MADISON, Wis. – Republican Wisconsin Gov. Scott Walker announced Tuesday that he formed a political organization to help boost a potential 2016 presidential run, the first concrete step toward a possible campaign that comes as others are also ramping up efforts to seek the GOP nomination.
The tax-exempt group, Our American Revival, was formed on Jan. 16 and its website and Twitter accounts became public on Tuesday.
“Our American Revival encompasses the shared values that make our country great: limiting the powers of the federal government to those defined in the Constitution while creating a leaner, more efficient, more effective and more accountable government to the American people,” Walker said in a statement.
Walker has used rhetoric elsewhere, talking about “our American revival” in recent speeches to conservatives, including one Saturday night in Iowa.
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Walker, the 47-year-old son of a preacher, began his second term as governor this month and is best known for taking on public union rights four years ago. That fight led to Walker standing for a recall election in 2012, which he won, making him the first governor in U.S. history to survive such a vote.
Creation of the committee caps a busy month for Walker as he considers a White House bid. Earlier this month he hired a strategist to oversee his work in Iowa and brought into his tightly-knit circle of advisers former Republican National Committee political director Rick Wiley.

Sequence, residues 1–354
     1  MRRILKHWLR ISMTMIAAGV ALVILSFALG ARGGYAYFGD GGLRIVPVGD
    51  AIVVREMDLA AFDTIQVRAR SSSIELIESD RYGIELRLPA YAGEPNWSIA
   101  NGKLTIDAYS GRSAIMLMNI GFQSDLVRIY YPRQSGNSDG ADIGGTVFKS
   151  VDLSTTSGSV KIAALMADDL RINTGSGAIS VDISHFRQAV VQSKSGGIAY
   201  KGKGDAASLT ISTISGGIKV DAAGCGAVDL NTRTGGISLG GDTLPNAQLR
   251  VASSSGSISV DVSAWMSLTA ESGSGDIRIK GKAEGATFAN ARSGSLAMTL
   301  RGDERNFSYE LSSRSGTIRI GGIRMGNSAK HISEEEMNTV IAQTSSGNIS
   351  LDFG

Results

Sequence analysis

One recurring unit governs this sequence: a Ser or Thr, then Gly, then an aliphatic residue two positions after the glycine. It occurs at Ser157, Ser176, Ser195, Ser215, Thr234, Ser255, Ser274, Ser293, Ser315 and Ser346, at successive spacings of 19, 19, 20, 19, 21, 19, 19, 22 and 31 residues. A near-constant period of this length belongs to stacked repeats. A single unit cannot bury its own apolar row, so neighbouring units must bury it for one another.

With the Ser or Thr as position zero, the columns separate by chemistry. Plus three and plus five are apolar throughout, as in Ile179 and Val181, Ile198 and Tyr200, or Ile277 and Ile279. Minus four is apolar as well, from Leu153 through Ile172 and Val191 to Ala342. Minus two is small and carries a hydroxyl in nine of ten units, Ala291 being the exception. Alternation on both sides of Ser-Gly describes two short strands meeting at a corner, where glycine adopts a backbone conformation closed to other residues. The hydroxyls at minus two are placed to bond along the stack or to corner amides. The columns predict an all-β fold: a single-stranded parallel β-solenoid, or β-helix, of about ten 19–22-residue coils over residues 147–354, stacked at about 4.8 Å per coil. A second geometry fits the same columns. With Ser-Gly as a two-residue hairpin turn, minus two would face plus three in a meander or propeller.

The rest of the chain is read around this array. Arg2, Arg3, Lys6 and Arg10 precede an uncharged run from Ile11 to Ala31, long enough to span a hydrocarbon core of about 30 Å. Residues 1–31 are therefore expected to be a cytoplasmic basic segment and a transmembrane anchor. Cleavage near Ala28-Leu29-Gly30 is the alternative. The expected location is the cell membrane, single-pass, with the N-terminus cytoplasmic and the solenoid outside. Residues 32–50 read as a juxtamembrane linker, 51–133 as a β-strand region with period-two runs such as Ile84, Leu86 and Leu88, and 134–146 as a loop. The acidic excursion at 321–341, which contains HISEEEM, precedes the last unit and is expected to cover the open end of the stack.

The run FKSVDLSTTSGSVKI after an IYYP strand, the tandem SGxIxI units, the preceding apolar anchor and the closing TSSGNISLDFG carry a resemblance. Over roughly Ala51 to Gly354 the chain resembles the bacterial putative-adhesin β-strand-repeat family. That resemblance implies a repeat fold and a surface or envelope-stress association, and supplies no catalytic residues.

Walker said Wiley will oversee the newly formed organization, which could be a presidential campaign-in-waiting.
Walker also is leaning on familiar faces to get the new organization up and running. The group’s treasurer is Andrew Hitt, who worked for the Walker administration from January 2011 until late last year. Hitt spent more than two years in the governor’s office as a senior adviser and counsel, and later moved to the state Department of Health Services as a top aide.
Another aide named on the IRS form is Molly Weininger, a vice president at Aspect Consulting, a Madison fundraising firm that has ties to Walker’s campaigns.
Likely presidential candidates have already started laying the groundwork for White House bids, especially current and former governors. Those officials lack federal campaign accounts that members of Congress already have in place, and those would-be candidates who call state capitals home are playing catch-up. Their rivals with day jobs in the U.S. House or Senate have been raising dollars in accordance with federal rules, not state ones.
Former Florida Gov. Jeb Bush sparked the still-forming 2016 contenders with the announcement he was forming a political committee. Former Massachusetts Gov. Mitt Romney signaled to past donors that he, too, was considering a White House campaign. And just this week, New Jersey Gov. Chris Christie announced he also would be forming a federal political committee.
Such political committees allow likely candidates to travel to early nominating states, hire the shell of a presidential campaign and meet with donors. Ostensibly, the committees are designed to help like-minded candidates, but in practice they help expected contenders build credibility.
For instance, Sen. Marco Rubio of Florida raised $3.8 million through his committee, Sen. Rand Paul of Kentucky has raised $3.6 million and Sen. Ted Cruz of Texas has raised $2 million. All are considering White House bids and have sent millions more into early nominating states such as Iowa, New Hampshire and South Carolina.